Men's Spiritual Bohemian Necklace with Vintage African Bone and Solid Brass, Malachite, Jasper and Turquoise - Om Man Necklace
Men's Necklace with semi precious Malachite, Violet Imperial Jasper with gorgeous sea sediments, Turquoise, Vintage African Carved Bone and Solid Brass Heishi Beads. A Tibetan Om or Aum Antique Brass Charm gives to this artistic piece a unique touch. Necklace measures 20 inches and has been beaded in strong elastic cord for your comfort. A stunning combination of aquas that standout against the ivory color of the hand carved bone.
Known as the mirror of the soul, the healing powers of malachite have long been recognized, and it has traditionally been used to aid in recovery from physical and emotional illness, particularly for releasing guilt. Psychologically, it can be used to help recognize and release the lingering effects of negative experiences. It is said to allow the wearer to gain insight into the cause of ill-feeling such as relationship problems, fear, resentment, and anxiety and then to release the negative emotions.
In ancient times, Malachite was used in amulets to protect against the evil eye, while in the Middle Ages it was used to protect children from witches and other dangers and was kept in the bedroom to protect from nightmares. Malachite is also said to protect the wearer from accidents and so can be useful for travelers to wear. Malachite has been also been used to promote success in business and avoid undesirable business associations. Malachite can also aid in concentration and is known as a protective stone in the field of aviation, where it is believed to stimulate awareness and prevent vertigo - always useful for pilots!
Travelers to Buddhist and Hindu countries might find a review of AUM valuable, as it exemplifies many of the fundamental tenets of these faiths.
The symbol of AUM (also spelled “Om”) consists of three curves, one semicircle, and a dot; these are symbols of each person’s self and his potential:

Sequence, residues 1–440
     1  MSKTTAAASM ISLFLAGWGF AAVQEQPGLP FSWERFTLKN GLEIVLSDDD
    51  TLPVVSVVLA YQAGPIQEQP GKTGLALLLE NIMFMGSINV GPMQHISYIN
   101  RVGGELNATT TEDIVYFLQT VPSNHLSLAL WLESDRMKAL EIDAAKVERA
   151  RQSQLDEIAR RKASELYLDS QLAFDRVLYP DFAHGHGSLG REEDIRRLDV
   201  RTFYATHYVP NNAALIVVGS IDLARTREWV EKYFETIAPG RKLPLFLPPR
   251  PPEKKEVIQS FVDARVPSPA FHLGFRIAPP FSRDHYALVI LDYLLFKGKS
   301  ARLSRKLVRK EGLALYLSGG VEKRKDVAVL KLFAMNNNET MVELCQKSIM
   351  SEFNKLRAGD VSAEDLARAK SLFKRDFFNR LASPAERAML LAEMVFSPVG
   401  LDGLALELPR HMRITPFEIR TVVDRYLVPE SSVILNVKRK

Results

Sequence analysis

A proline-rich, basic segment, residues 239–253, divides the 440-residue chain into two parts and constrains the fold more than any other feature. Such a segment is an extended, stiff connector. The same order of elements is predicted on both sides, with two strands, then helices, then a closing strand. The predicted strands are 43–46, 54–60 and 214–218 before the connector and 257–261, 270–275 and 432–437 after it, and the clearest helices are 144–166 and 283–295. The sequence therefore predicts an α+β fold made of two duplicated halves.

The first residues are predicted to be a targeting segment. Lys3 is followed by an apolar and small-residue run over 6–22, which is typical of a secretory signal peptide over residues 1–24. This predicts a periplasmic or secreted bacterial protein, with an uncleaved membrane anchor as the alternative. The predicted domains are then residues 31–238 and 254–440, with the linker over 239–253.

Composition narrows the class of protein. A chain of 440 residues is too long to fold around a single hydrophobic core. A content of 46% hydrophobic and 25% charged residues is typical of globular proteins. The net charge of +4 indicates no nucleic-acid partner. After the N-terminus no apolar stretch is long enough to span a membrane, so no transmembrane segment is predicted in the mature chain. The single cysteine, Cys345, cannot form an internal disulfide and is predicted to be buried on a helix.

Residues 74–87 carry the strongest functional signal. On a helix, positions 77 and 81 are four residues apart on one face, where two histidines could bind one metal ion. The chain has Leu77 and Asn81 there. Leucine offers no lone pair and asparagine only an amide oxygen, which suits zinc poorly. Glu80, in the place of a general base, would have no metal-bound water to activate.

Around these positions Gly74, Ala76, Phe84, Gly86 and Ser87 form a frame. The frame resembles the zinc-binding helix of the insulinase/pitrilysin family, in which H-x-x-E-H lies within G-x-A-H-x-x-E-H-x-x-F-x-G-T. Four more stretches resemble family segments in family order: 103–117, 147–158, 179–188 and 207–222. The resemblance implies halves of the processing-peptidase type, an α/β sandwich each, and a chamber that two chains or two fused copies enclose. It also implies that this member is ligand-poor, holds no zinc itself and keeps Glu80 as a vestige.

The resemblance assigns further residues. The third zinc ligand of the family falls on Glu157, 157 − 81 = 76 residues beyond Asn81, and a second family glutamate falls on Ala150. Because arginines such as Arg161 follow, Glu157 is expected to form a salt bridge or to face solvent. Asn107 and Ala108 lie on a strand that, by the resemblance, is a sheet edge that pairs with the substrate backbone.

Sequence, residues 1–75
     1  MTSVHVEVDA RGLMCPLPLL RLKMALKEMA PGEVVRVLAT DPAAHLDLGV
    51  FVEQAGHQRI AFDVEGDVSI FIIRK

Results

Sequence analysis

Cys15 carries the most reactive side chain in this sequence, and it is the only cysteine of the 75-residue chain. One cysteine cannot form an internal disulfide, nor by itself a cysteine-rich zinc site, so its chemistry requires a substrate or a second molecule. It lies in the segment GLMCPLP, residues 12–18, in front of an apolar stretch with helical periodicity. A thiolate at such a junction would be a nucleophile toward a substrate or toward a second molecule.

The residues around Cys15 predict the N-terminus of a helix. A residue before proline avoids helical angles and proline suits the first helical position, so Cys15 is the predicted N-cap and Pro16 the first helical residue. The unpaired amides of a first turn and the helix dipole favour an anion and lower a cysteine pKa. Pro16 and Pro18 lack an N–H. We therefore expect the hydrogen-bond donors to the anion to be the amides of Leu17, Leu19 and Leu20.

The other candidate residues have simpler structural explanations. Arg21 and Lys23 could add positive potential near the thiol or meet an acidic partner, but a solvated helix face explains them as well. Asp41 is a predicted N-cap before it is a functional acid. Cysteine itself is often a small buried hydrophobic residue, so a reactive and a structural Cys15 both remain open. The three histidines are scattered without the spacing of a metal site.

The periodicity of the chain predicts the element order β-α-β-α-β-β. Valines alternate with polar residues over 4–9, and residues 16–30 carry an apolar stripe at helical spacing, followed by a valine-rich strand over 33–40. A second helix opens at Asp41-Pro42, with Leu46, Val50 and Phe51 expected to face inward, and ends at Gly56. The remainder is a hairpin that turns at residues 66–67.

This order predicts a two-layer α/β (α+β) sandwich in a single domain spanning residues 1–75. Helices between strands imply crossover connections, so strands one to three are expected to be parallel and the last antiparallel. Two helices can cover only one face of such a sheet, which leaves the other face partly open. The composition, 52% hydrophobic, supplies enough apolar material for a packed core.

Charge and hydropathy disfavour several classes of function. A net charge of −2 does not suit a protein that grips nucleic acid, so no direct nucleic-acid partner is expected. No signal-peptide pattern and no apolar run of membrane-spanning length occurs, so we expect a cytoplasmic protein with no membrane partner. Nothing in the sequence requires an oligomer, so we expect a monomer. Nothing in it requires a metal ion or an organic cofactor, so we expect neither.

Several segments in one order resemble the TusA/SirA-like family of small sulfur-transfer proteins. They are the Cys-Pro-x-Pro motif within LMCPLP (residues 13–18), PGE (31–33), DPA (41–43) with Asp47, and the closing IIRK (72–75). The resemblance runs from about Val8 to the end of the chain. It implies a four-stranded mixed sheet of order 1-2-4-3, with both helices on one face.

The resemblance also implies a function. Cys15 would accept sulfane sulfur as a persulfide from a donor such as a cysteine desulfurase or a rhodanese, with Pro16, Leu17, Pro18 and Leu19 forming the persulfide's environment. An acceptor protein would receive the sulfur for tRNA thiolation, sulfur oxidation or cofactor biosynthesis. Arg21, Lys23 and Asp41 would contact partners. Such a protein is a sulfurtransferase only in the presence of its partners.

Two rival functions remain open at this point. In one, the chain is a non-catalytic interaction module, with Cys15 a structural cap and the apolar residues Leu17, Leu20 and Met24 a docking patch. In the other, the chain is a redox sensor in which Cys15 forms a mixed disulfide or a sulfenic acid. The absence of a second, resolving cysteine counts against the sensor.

The large curve (in the lower left corner of the image) symbolize the waking state. Perhaps it is best to think of this curve as symbolic of the ego, our outward persona, the person we think we should be, that identity that we consciously associate with the self.
Moving clockwise, the upper curve (upper left corner) symbolize the unconscious state, that part of the self that is hidden to one’s consciousness, but is equally part of the self.
The middle curve, which extends from the center to the right side, symbolize the dream state. This dream state, positioned vertically between the conscious and unconscious elements of the self, serves as a means to connect the two, a means for the conscious and unconscious to interact. This is certainly what we do when we dream: the unconscious becomes conscious, affording a more complete view of the self.
The semicircle or crescent symbolize illusion, specifically in this case, the illusion that the self exists as a separate entity at all. Notice that the crescent separates the dot from the other three curves. It is this illusion that separates the individual from becoming one with his infinite self, beyond boundaries.
The dot signifies the infinite, absolute self, hidden from the individual by illusion; this is what the Eastern faiths of Hinduism and Buddhism consider God. Dispelling the illusion and becoming one with this infinite self is the ultimate experience of life and the experience of the divine.
One of our favorite descriptions of AUM, which touches on many of the symbols described above, can be found in Joseph Campbell’s book “The Hero with a Thousand Faces“. Campbell breaks down each of AUM’s three phonemes, a, u and m:
The A representing the realm of waking experience: “cognitive of the hard gross facts of an outer universe, illuminated by the sun, and common to all”.
The U representing the realm of dream experience: “cognitive of the fluid, subtle forms of a private interior world, self-luminous and of one substance with the dreamer”.
The M representing the realm of deep sleep: “dreamless, profoundly beautiful” (the person unified with the unconscious and the greater self).
The most profound element of AUM is not the sound, however, but the silence: “The silence surrounding the syllable is the unknown: it is called simply ‘the fourth’. The syllable itself is God as creator-preserver-destroyer, but the silence is God Eternal, absolutely uninvolved in all the openings-and-closings of the round.”
Experience the silence